H.E. Bates' 1944 classic Fair Stood the Wind for France is one of the finest and loveliest books I've ever read. (The title comes from the first line of Agincourt, a poem by Elizabethan poet Michael Drayton.)
The story begins with John Franklin's Royal Airforce plane crash-landing in Occupied France at the height of the Second World War. Franklin, who has been "actively operational" for almost a year and isn't far off notching up his first 300-hours of flying time, is accompanied by a crew of four sergeants.
The five of them survive the plane going down in marshland, but Franklin's left arm is badly injured. After walking for an entire day, they come to a small farm on the edge of a woods. Here, they are taken in by a mill-owner and his family, who hide them in an upstairs bedroom.
The men plan to escape to Spain, but Franklin's injury has left him too weak to travel. A clandestine visit to a local doctor is arranged, but the only cure, it seems, is bed rest.
This does not go down well with his crew, who are anxious to head for the border. They are not sure whether to trust the mill owner and his family, and they are frightened to stay on French soil lest they be captured by German forces that patrol the local area.
Eventually, the crew are provided with fake travel papers, arranged by the mill owner, but Franklin decides to stay behind until his arm heals. During this time he is nursed by the mill-owner's daughter, Françoise, a strangely quiet but observant and cool-headed customer, with whom he falls in love.
Fair Stood the Wind for France is not your average sappy romance, however. Set against the horrors of war, it takes on a life-affirming force, and Bates' prose is so elegant and pitch-perfect he somehow gets to the heart of human emotions without actually spelling anything out. In fact Bates' writing is so stripped back -- not one word is wasted -- that it seems a feat of exceptional genius to wring so much emotion, drama and truth out of almost every sentence, every page.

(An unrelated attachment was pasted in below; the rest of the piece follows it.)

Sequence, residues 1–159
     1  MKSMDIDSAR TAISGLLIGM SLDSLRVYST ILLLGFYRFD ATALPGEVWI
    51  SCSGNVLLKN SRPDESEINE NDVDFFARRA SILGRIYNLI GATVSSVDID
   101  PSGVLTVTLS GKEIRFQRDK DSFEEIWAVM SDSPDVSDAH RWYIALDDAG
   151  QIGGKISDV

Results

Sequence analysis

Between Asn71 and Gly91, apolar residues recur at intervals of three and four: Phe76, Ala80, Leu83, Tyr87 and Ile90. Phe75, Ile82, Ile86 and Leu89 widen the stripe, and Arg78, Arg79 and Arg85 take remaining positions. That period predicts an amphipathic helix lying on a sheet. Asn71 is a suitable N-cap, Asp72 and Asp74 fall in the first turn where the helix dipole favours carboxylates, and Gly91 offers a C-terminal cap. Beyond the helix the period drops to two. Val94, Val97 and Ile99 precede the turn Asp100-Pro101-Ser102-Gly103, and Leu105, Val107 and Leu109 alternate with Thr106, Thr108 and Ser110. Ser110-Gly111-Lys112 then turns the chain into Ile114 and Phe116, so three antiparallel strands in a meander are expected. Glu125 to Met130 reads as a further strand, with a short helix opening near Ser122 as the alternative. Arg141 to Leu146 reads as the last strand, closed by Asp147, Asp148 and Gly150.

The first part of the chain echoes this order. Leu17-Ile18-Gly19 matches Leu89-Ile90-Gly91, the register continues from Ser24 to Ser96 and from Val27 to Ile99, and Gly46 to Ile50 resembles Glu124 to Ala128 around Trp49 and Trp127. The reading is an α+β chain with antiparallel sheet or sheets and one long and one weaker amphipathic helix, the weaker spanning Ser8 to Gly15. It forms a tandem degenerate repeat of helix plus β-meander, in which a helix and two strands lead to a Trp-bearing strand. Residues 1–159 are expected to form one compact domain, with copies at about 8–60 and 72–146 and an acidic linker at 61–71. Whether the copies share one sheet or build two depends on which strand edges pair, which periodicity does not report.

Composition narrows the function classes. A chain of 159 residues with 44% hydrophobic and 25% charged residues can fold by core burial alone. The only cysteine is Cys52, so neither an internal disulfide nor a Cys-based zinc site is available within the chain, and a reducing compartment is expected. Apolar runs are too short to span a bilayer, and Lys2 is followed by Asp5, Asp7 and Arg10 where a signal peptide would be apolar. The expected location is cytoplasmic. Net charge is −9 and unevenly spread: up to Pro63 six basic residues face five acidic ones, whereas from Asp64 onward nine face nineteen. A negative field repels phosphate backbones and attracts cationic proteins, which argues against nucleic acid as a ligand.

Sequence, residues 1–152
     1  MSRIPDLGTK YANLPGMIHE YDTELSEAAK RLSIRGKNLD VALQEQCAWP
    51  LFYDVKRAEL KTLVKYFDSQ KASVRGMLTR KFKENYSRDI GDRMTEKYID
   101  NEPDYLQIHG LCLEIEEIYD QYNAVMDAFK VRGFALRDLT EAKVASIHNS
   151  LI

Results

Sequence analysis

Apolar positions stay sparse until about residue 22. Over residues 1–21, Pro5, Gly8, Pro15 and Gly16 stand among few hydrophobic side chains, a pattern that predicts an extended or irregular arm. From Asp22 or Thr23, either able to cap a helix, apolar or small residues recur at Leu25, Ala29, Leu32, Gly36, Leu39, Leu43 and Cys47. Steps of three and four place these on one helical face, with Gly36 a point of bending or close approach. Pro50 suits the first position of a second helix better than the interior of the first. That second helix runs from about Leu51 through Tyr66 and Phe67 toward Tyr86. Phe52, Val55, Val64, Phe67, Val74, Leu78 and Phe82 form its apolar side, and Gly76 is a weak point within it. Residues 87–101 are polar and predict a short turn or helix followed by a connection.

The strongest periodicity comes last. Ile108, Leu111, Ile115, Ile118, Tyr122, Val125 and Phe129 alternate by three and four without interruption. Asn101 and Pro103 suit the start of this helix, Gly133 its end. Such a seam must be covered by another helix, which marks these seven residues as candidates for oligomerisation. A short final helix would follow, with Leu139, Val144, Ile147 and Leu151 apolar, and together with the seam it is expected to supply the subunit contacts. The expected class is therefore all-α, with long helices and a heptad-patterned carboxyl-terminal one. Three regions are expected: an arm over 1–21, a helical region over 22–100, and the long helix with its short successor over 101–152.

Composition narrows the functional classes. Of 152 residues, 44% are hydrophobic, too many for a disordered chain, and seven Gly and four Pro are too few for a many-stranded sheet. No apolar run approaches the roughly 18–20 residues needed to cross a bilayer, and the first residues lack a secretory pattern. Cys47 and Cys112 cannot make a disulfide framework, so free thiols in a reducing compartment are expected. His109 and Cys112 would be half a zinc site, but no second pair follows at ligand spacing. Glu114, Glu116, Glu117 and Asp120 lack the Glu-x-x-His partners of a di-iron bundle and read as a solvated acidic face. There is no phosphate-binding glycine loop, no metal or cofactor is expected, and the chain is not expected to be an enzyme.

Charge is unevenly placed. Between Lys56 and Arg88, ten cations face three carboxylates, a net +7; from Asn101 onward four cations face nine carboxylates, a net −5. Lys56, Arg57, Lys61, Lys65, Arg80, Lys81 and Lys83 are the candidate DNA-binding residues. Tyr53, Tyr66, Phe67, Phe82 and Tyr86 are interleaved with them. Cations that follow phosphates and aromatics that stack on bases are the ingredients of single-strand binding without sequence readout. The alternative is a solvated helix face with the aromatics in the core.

Bates is also very good at evoking time and place. Because much of the story occurs over the course of a hot summer, there are beautiful descriptions of the French countryside baking in the heat, which, in turn, makes Franklin homesick.
Of England, his other thoughts were simple. He wanted a cup of tea. Since it must be mid-afternoon he found himself alone in the room, listening for the encouraging, clean, beautiful sound of rattled tea-cups. But as he lay there he could hear nothing but the deep and audible silence of the full summer day, so strong and drowsy that it seemed to press both his mind and body deeply back into the bed. Diana [his "best girl"] and tea and England: all of them like small and faintly unreal clouds, far distant and at the point of evaporation, on the horizon of the present world. A long time before they come any nearer, he thought. Ah well!
There is much tenderness and quiet beauty in this story, but there is heart-ache, pain and death, too. As Franklin grapples with his predicament -- should he stay, or should he go -- the reader begins to fear for the pilot's survival: no matter which he chooses, surely his life is in danger?
This a book about trust and intimacy, not only between two people, but between allies in war. It is gut-wrenchingly sad in places, but brims with optimism. And when I discovered, towards the end of the novel, that Franklin was just 22, I found myself reeling from the knowledge. His maturity, his insight, his care for others -- not just Françoise, but his crewmen, who must have been younger still -- made my heart lurch. I defy anyone to read this book and not get completely wrapped up in this lovely, occasionally daring, story.
Fair Stood the Wind for France is not only destined to be on my list of favourite reads of 2011 at year's end, but one of my favourite books of all time. Do beg, borrow or buy a copy if you can.